When an employee who is a member of an approved group employee scheme dies, their full death benefit which is a combination of retirement fund credit and life cover, pays out as one lump sum. The trustees of the retirement fund are required to follow section 37C of the Pension Funds Act when processing the payment of the benefit and to exercise their discretion between benefiting the dependants and the nominees or nominated beneficiaries based on their needs as determined by the trustees. The trustees will take many factors into account in assessing the payment amount to be allocated between the dependents and nominees. Where there are neither dependents nor nominees, the benefit will be paid into the estate of the deceased.


Income Tax Implications on proceeds: The total lump sum paid out by the retirement fund will equal the retirement fund credit plus the life cover amount. In the event the employee dies the proceeds will be taxed according to the Second Schedule of the Income Tax Act (see tax table at the end of the article).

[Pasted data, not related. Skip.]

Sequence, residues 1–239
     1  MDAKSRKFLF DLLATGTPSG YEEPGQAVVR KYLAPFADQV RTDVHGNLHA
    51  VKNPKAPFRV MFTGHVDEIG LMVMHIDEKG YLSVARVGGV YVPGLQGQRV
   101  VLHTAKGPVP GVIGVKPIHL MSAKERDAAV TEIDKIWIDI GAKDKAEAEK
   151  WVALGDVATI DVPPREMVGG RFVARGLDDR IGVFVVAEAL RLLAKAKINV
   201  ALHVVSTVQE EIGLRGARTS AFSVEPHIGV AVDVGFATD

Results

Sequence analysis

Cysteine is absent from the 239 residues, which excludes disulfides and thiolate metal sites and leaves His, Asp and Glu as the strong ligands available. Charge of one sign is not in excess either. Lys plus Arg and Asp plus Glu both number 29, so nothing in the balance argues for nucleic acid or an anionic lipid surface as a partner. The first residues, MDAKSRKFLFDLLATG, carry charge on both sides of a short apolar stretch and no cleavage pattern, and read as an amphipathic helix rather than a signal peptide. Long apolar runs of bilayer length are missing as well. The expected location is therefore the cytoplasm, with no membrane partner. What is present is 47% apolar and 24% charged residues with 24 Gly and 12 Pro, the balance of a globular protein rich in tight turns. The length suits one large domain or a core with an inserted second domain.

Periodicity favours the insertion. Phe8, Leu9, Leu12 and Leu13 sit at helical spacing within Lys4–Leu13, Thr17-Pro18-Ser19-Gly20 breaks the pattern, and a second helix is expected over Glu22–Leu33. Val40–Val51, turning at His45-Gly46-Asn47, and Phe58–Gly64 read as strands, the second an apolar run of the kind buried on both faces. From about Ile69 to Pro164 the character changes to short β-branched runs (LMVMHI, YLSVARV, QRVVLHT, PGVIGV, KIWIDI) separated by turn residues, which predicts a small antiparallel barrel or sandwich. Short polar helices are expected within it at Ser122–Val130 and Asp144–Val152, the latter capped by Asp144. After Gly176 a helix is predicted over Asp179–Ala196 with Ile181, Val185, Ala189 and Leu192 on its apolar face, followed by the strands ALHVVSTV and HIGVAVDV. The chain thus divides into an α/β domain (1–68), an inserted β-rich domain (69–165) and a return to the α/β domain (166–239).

Estate Duty Implications on proceeds: An approved fund is exempt from estate duty. In terms of section 3(2)(i) of the Estate Duty Act, death benefit proceeds are exempt from estate duty.



When a beneficiary is nominated the death benefit will be paid to that beneficiary directly. This means there is no trustees discretion as to the ultimate recipients of the benefit, unlike with the approved benefit above. Where no beneficiary is nominated the proceeds will be payable to the employer and the employer will then pay it to the estate of the employee. Unapproved death benefits have two portions, a retirement fund credit and a life cover amount. These two portions are payable to beneficiaries as two separate lump sums.